information, and plan their next steps, potentially within one integrated digital environment. Figure 2, based on the Kolb experiential learning cycle, illustrates this process of continuous learning based around dialogue and collaborative activity with others. With hindsight, many learners identify
But perhaps the most important skills fostered by e-portfolio use are those of reflecting and forward planning in response to an experience or episode of learning. These are skills that have relevance across the sectors and in all subject disciplines.
The learner’s perspective
Recent JISC-funded or managed projects reveal much about what is required to make e-portfolios work for learners. High on learners’ priorities are: • flexible systems
Communication is key Receiving feedback makes learners more willing to overcome difficulties and increases their capacity to reflect. Communication tools associated with e-portfolio systems,
• tutor engagement
such as blogs, enable learners to acquire the support they
• support from peers
need to continue through the highs and lows of their
• effective induction
experiences. Timely feedback also initiates learners more
• ready access to computers and IT support
Putting the technology in its place e-Portfolios are about people, rather than technology.4 The tools have to be unobtrusive, supportive and flexible enough to accommodate the diverse needs and preferences of learners. Learners may also benefit from being able to integrate their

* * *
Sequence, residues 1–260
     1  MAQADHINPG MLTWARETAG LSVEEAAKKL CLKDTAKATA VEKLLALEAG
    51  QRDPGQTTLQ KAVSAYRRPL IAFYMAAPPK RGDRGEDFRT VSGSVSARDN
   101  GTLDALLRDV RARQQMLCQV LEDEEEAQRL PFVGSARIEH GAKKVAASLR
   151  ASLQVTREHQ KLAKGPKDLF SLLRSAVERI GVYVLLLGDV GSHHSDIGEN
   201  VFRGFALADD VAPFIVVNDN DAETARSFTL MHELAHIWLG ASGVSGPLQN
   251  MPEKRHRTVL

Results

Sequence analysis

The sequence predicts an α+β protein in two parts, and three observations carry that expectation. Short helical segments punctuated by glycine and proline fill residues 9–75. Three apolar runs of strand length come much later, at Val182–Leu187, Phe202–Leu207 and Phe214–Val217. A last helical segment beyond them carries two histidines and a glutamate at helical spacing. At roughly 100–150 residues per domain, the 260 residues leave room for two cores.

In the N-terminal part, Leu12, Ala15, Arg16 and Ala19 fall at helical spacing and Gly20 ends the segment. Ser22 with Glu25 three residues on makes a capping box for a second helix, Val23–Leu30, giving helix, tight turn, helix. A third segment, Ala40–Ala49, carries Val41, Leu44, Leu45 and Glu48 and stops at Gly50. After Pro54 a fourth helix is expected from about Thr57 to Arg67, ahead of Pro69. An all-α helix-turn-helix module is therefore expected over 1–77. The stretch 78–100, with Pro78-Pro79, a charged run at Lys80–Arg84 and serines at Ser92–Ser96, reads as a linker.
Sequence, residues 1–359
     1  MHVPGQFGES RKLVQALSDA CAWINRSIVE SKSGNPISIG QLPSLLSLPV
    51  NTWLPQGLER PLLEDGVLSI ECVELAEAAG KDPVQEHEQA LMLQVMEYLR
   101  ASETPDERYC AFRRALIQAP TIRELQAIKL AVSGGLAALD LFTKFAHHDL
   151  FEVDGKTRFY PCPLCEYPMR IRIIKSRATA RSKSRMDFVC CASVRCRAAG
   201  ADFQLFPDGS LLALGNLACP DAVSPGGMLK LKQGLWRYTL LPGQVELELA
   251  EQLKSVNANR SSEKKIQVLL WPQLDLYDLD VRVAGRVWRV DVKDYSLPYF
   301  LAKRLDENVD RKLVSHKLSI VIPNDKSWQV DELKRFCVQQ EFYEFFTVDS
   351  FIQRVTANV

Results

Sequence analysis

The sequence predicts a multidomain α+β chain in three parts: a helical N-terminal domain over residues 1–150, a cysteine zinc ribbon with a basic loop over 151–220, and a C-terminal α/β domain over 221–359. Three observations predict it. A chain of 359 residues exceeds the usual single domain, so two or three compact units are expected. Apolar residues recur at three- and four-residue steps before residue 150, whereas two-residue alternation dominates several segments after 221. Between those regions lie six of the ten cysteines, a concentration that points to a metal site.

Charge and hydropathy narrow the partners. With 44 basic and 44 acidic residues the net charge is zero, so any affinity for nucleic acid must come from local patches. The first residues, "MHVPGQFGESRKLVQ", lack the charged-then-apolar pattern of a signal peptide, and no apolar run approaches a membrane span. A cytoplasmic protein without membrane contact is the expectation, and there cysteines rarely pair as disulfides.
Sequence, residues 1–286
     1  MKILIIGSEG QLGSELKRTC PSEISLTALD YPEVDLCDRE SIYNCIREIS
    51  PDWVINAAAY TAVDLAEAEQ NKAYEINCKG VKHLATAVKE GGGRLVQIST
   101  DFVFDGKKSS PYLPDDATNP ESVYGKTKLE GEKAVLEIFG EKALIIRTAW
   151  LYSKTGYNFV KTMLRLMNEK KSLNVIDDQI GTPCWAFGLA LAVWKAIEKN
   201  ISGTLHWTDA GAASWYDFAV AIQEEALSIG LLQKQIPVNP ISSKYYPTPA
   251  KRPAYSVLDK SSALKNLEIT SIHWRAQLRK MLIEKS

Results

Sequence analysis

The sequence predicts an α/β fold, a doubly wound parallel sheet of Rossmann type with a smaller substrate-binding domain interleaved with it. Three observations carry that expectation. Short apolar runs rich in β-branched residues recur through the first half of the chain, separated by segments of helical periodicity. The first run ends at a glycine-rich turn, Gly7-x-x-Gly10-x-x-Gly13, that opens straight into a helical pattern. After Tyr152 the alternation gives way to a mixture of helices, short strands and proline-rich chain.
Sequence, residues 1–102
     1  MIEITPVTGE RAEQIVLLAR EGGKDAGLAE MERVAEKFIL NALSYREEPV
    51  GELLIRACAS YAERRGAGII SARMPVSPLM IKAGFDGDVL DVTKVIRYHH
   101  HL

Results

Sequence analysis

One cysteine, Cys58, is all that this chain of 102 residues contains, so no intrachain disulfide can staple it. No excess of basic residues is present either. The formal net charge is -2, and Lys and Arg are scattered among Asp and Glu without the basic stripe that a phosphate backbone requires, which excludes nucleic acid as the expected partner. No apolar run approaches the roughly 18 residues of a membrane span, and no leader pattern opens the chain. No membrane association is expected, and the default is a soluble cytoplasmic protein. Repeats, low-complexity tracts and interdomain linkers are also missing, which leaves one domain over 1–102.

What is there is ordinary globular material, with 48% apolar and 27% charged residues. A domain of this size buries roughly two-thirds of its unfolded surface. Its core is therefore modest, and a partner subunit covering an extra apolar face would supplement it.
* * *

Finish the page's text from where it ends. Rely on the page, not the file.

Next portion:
effectively into ways of working associated with a new stage of education or a new professional role. e-Portfolio practitioners report that the relationship between learners and practitioners can take on multiple dimensions – a more informal partnership can develop, for example, through collaborating in e-portfolio-based activities, which can add to, rather detract from, the formal interactions between learner and tutor.
own choice of tools into an e-portfolio system – for example, social networking websites for discussion or mobile devices for capturing evidence occurring in the workplace5. Being able to customise is especially important when the purpose behind the e-portfolio activity is reflection and personal development. A guiding principle behind reflective e-portfolio development – learner control – should apply to the tools learners use as well as to the content.